The reality is everything is being connected. And not just connected. Guess what that produces for us? Data and information. Now data has been called the new oil, but I think we need to take a step back from that statement to understand it better. Data is asset, but just like oil, it must go through people and refinement to get value. This is data literacy. Now, by definition, data literacy is the ability to read, work with, analyze and argue with data. Four skills that reside across a spectrum. Notice what I did not say: Data literacy is not data science. Not everyone in this world needs to be a data scientist, but everyone needs to be comfortable with data to be able to succeed in the fourth industrial revolution. So, let's dive through these four skills to help us understand them better. And to do that we are going to imagine that we all are buying a refrigerator. Now the principals I am about to teach and talk through apply not only in a personal life; they apply in the public sector; they apply in business, and they apply in society.

The first characteristic is the ability to read data. Now imagine that we are going to a store, and we are looking at these refrigerators, and we have no clue which one is going to fit our world the best. So, the first step is we are going to read the information and data that is provided to us, and if you were go to Google the word “to read” it means to look at something and comprehend it. So, when we walk into the store and there are 30 refrigerators all over, hopefully some without a touchscreen, we can read the information that is given to us and comprehend it to make a smarter decision. Reading data is one of the most powerful things that can free up our minds in the fourth industrial revolution. If you think back hundreds of years, did you know it could be a criminal act to be able to read? In no way am I saying it will be a criminal act to be able to read data, but just like it did hundreds of years ago with all this information around us, the ability to read it and comprehend it is a key skill. So back to our refrigerators.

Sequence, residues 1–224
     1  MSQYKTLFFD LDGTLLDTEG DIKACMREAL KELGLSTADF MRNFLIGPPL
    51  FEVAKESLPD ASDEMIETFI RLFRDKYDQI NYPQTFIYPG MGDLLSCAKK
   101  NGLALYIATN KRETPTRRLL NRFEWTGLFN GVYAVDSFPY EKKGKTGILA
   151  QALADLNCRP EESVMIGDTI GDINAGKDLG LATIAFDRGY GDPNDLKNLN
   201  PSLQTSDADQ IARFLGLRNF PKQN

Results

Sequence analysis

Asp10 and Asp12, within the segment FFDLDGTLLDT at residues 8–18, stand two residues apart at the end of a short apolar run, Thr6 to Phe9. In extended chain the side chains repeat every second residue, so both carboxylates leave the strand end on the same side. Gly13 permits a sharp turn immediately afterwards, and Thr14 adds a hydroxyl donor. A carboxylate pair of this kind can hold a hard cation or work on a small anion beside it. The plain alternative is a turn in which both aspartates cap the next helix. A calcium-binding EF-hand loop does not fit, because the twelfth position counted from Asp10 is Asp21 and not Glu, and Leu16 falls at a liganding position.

We move along and we get to the second characteristic of data literacy. This is the ability to work with data. Now one might ask themselves, “Does this mean I have to get good at computer science and statistics to work with data? The answer is no. It means being comfortable with information when it is presented to you. If we think of those viral stories that go around and they make us uncomfortable, we become relieved when we find out it’s a hoax. Working and reading with data allows us to determine it's a hoax before we have to find out. So, when we were buying this refrigerator and each refrigerator has an information sheet, we are comfortable taking that and consuming it.

 To move along the third characteristic of the data literacy definition, and that means to analyze data. Now what analyzing data does is that it gets to the “why?” behind it. I often say we want to move beyond an observation and get to the insight. When a story is going around on social media, most of the time, we are making an observation of the information presented to us. In the case of a refrigerator, we walk into a store, see 30 refrigerator and maybe five of them catch our attention. We made an observation. We then need to analyze the information about those five refrigerators so that we can take it in and find the insight that will lead to a smarter decision. Analyzing also means being comfortable asking questions. That's not something that happens too often with social media in our day and age. We should be questioning everything.